OSCAR PREDICTIONS 2015: The race for Best Picture

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The 87th Academy Awards, hosted by Neil Patrick Harris, are set for Sunday, February 22nd and it's time to analyze just who or what is going to be walking off that stage with an Oscar.  If you follow my website, you will know that I've been tabulating all of the minor and lead-up award winners in all of the Oscar categories since last November on my 2015 Awards Tracker.  To put it in educational terms to match this website's theme, those numbers have been my "data analysis" to predicting just what films are going to win.   

It's time to begin making my formal and official Oscar predictions.  In this seventh and final post, we've come to the big one, folks.  Here's my analysis and breakdown of the race for Best Picture.  This is a close one, so read on!  Let's do this!  I've said it all season.  Stick with me and I will win you your Oscar pool.


The nominees:  "American Sniper," "Birdman," "Boyhood," "The Grand Budapest Hotel," "The Imitation Game," "Selma," "The Theory of Everything," "Whiplash"

AWARDS TRACKER (number of prior award wins in this category):  

23- "Boyhood," 7- "Birdman," 4- "The Grand Budapest Hotel," 3- "Selma," 2- "Gone Girl," 1- "A Most Violent Year," 1- "Whiplash," 1- "The Imitation Game," 1- "American Sniper," 1- "Nightcrawler," 1- "Snowpiercer," 1- "Ida," 1- "Goodbye to Language," 1- "Still Alice," 1- "Winters Sleep"

Who was snubbed:  Let's start with omissions.  Truthfully, it's hard to cry about nominees missing a field where there are more than five nominees.  This is kind of like pouting about the 65th team in a 64-team tournament.  Still, I say, if the Academy is going to allow ten nominees, fill it up with ten nominees.  There are eight this year, so the two that should have joined the others, with no question, are "Gone Girl" and "Selma."  "Gone Girl" was the best crime thriller in quite some time and "Selma" is just plain special.  To see them left out stings a little.

Happy to be there- AKA "The First Cut":  For as much as we can play armchair Academy voter and fill out a ballot of ten full nominees, truthfully, we only ever needed five.  The now six-year old rule to expand from the normal five is getting silly because how many nominees really have a chance to win.  Some nominees are in here purely as fringe.  So, let's cut our field of eight down to five, call them lucky, and really focus on the Top 5.  From a pure data standpoint, the weakest three nominees are (unfortunately) "Selma," (fortunately) "The Theory of Everything," and (unfortunately) "Whiplash."  The other five nominees have more total nominations than each of those three films (with 2, 5, and 5, respectively).  That's the first cut.   

The true finalists- AKA "The Final Five":  "American Sniper," "Birdman," "Boyhood," "The Grand Budapest Hotel," "The Imitation Game"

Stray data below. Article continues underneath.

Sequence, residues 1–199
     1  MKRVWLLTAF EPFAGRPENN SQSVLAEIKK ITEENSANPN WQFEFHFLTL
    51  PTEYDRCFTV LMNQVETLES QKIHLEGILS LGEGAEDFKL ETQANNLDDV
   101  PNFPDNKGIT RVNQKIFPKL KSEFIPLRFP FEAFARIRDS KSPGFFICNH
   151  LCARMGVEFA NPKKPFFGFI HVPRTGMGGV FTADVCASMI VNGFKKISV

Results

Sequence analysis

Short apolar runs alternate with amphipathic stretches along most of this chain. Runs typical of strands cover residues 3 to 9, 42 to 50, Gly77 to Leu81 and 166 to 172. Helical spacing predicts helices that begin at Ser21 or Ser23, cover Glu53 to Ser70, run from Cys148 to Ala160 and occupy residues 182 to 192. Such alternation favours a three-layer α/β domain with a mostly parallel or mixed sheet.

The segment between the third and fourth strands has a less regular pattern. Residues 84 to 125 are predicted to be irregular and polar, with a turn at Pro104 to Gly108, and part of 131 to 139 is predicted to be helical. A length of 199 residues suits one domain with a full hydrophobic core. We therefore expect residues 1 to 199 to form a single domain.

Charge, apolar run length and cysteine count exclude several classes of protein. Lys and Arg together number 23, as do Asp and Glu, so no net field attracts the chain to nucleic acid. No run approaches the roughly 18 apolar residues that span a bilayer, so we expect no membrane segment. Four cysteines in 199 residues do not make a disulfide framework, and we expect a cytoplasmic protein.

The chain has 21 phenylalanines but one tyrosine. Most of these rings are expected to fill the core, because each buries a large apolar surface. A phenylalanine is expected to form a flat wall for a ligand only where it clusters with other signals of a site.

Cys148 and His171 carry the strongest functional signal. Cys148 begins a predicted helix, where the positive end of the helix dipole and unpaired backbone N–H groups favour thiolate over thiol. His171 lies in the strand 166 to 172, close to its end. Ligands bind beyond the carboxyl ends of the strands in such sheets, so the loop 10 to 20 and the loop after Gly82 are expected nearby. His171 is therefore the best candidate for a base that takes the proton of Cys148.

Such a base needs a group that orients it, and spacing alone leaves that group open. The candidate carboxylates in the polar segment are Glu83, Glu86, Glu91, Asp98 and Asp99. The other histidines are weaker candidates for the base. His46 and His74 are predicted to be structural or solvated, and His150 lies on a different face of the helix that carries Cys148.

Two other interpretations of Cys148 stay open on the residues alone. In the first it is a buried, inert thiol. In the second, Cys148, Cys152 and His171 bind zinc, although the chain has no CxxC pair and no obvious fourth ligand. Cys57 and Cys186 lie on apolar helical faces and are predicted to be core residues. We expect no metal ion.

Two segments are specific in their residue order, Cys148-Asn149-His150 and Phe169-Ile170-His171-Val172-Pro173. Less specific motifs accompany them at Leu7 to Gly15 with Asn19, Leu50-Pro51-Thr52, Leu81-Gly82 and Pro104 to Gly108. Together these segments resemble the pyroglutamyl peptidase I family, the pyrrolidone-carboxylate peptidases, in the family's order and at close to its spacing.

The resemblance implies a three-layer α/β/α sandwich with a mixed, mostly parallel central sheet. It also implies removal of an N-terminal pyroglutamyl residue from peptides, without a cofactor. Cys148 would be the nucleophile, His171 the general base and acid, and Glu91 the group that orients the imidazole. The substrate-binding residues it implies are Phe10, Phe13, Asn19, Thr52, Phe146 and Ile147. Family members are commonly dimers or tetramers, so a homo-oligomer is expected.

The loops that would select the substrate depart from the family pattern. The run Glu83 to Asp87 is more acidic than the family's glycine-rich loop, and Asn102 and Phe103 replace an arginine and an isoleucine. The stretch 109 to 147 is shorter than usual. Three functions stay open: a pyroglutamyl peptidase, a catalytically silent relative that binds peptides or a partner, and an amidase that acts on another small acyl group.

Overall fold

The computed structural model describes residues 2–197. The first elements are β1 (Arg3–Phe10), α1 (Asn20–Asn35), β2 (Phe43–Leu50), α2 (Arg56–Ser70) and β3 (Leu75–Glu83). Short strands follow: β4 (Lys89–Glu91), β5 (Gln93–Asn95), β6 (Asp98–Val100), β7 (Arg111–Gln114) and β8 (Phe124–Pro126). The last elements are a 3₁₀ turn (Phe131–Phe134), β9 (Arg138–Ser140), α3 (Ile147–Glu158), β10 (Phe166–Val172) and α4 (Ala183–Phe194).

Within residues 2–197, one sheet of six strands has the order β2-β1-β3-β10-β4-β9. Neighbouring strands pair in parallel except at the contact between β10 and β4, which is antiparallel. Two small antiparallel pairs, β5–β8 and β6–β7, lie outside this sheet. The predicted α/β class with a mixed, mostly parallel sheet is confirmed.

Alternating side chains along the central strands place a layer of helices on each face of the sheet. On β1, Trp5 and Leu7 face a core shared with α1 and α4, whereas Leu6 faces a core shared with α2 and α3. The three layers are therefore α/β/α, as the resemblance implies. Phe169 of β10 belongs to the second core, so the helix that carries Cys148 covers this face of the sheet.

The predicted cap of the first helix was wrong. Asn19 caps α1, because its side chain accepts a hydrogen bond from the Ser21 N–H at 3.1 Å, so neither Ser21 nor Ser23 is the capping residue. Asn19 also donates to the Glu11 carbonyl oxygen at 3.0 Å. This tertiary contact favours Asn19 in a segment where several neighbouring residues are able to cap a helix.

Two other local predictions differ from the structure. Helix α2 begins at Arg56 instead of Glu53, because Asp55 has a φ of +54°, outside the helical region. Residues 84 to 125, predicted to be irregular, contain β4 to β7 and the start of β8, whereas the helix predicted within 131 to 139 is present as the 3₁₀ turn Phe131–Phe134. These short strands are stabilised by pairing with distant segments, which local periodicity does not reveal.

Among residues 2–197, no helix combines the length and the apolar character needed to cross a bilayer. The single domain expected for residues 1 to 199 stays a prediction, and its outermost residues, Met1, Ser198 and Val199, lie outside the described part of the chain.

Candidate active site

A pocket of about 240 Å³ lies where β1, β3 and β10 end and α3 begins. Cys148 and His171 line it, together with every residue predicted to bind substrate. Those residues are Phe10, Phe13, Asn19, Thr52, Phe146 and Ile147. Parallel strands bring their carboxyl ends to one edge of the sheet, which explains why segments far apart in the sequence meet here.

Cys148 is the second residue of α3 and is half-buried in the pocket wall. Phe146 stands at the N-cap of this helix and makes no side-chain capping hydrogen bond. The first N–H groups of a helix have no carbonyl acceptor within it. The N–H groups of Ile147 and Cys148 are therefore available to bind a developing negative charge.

Who should win:  First cut be damned, my friends and followers know what I would pick if I had a say.  "Whiplash" has been my number one film of 2014 since it rocked my world in October.  I don't care if it just misses the cut statistically.  That's the movie I can't stop stumping for and recommending to friends before I ever get to the "Birdman" and "Boyhood" types.  If I was running the show, "Whiplash" would win and be the lowest grossing Best Picture winner, even lower than "The Hurt Locker," in generations.  Quality beats money.

Who will win:  Alright, let's break these final five down.  The first two of the finalists that don't have a chance are "The Grand Budapest Hotel" and "The Imitation Game."  Both are more respected for their writing and art than overall impact.  Both are likely walking away with each of the screenplay Oscars.  That's the bones thrown their way.  After that, you have "American Sniper," the colossal crossover hit that is still turning heads and wowing audiences as we speak.  Is it too popular to be considered artistically superior?  I don't think so.  The Clint Eastwood pedigree is strong, but he himself didn't get nominated for Best Director, which dramatically cuts "American Sniper"'s Best Picture chances in good, old liberal Hollywood.

What's left has been a two-horse race with late-breaking developments.  If you look at the Awards Tracker data, this should be "Boyhood"'s Oscar with ease.  It's won more than a lion's share of Best Picture awards.  However, everyone you read and follow lately is getting you to believe that "Birdman" has a real shot to dethrone "Boyhood" and win.  It won the Best Ensemble award at the Screen Actors Guild Awards, their equivalent to a best overall prize.  It won the PGA Award from the Producers Guild of America, which is voted on by the producers that end up being the recipient of the Best Picture Academy Award.  Lastly, pundits are talking about "Birdman" director Alejandro Gonzalez Inarritu beating "Boyhood" director Richard Linklater for Best Director DGA Award from the Directors Guild of America.  That's compelling data, for sure, but some of it is apples to oranges.  Actors and directors are just two branches to a very big tree.  The PGA Award is a legit, though.  Outside of a tie in 2013, the PGA winner has matched Best Picture winner since 2006.  That's a heck of a streak.

Still, this feels like last year when all of the trendy pickers thought something fancy like "Gravity" would beat something traditional like "12 Years a Slave."  Well, look how that turned out in the end.  Traditional won.  There's something to be said for momentum, sure, but "Birdman" feels like "Gravity" and "Boyhood" feels like "12 Year a Slave."  My smart prediction sides with traditional.  Put my money on "Boyhood" and take it to the bank.  I think it survives the threat.